Meta-analysis of results from ACCORD-Lipid and other clinical trials in fibrates showed a 10% reduction in risk of MACE (relative risk: 0.90; 95% CI: 0.82–1.00; p=0.048) in unselected patients.37 In contrast, in patients with AD (low HDL-C and high TG), fibrates were associated with a 35% RRR of MACE (95% CI: 22–46%),38 which matched observations in patients with AD in ACCORD-Lipid who received fenofibrate with a statin (RRR: 31%; p=0.032).
Further evidence of the effectiveness of fenofibrate in preventing CVD events is provided by the ACCORDION trial, a long-term follow-up to ACCORD.39 Although only 4.3% of patients continued previously allocated fenofibrate in the follow-up period in ACCORDION, the benefit of adding fenofibrate to statins in patients with AD (TG >204 mg/dL, HDL-C <34 mg/dL) was confirmed after 9.7 years (combined treatment plus follow-up: 4.7 plus 5.0 years), with a 27% RRR of MACE (95% CI: 5–44%).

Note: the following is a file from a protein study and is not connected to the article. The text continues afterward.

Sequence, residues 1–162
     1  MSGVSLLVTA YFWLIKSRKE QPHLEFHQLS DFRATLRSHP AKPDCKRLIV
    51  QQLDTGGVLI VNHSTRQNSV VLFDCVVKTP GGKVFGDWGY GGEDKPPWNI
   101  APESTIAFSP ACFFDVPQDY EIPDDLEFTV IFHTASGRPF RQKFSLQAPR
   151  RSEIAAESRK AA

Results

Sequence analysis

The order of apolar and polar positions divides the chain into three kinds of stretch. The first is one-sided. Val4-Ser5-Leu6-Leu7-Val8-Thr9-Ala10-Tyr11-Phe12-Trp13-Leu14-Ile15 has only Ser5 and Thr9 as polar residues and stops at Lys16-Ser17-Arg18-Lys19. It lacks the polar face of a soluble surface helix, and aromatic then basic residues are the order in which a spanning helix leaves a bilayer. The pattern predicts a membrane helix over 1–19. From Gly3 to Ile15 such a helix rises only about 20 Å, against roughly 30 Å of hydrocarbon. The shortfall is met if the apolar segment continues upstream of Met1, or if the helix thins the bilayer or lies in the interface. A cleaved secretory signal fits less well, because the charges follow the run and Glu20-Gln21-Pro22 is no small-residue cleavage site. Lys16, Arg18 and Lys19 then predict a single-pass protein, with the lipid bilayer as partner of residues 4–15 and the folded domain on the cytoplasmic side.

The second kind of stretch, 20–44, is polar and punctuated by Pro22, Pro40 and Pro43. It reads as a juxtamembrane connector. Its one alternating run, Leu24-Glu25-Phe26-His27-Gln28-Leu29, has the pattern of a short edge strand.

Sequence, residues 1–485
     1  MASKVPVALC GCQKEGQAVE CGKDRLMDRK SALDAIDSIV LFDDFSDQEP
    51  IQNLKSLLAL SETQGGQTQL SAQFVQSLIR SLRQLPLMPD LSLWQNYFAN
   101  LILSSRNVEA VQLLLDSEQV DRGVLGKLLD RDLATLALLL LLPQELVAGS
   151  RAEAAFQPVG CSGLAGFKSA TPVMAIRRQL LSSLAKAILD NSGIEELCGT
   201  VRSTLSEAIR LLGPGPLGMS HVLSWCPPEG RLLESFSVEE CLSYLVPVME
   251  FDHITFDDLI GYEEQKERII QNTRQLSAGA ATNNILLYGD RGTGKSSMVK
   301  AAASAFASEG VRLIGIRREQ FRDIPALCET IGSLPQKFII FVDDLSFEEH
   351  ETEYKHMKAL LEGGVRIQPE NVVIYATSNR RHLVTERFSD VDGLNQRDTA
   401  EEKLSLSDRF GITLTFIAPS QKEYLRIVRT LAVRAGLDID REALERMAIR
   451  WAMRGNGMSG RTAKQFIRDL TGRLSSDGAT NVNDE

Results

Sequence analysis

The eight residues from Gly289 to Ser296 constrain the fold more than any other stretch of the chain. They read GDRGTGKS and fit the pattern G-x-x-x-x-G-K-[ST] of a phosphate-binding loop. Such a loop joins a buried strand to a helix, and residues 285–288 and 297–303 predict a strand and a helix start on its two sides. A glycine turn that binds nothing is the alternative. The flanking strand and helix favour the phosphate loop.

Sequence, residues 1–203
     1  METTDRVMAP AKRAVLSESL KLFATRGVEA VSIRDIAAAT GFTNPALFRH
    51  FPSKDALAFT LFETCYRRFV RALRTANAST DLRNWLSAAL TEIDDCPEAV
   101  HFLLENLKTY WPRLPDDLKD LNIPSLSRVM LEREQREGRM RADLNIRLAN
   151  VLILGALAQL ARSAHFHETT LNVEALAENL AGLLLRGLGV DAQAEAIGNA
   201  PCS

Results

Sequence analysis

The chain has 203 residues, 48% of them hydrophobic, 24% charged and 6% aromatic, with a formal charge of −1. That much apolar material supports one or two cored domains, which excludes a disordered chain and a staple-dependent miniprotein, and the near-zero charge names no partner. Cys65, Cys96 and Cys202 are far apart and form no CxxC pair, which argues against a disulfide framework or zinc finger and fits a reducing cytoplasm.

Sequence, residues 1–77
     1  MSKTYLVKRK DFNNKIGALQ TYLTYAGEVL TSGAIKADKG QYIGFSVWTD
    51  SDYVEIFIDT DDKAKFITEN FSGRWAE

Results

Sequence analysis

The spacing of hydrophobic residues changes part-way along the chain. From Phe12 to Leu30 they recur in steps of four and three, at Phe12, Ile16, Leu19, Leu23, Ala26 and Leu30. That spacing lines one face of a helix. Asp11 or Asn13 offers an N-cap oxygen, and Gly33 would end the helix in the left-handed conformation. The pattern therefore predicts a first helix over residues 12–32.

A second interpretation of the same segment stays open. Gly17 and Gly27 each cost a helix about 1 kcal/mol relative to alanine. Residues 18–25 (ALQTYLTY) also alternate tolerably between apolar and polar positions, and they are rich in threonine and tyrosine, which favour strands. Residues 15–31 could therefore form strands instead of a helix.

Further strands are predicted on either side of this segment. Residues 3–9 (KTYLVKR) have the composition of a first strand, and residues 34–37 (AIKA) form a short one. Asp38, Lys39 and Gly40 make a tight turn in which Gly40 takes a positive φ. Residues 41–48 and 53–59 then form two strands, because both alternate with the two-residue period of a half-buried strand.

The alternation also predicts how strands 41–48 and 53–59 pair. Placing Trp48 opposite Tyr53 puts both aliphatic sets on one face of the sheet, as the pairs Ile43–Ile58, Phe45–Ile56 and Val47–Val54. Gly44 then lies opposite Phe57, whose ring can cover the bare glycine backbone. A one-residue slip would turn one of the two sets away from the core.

Evidence of fenofibrate CV effectiveness has also been derived from real-world studies, such as ECLIPSE-REAL, in which fenofibrate plus statin was associated with 26% RRR of MACE in patients with metabolic syndrome at approximately 2.5 years’ follow-up.40
EPA and docosahexaenoic acid (DHA) are very-long-chain omega-3 fatty acids that activate PPAR, mainly target TG, and are effective only at high doses (>2 g/day EPA/DHA; 4 g/day EPA). Meta-analyses of EPA/DHA in 77,917 patients of mixed CVD history and statin background showed no clear benefit on MACE in this unselected population (RR: 0.97; 95% CI: 0.93–1.01; p=0.10).41 However, in a selected population of 8,179 patients with CVD or T2DM and hypertriglyceridaemia (TG >150–200 mg/dL) on statins in the REDUCE-IT trial, high-dose EPA (icosapent ethyl 4 g/day) showed benefit of MACE compared to placebo (HR: 0.74; 95% CI: 0.65–0.83; p<0.001).42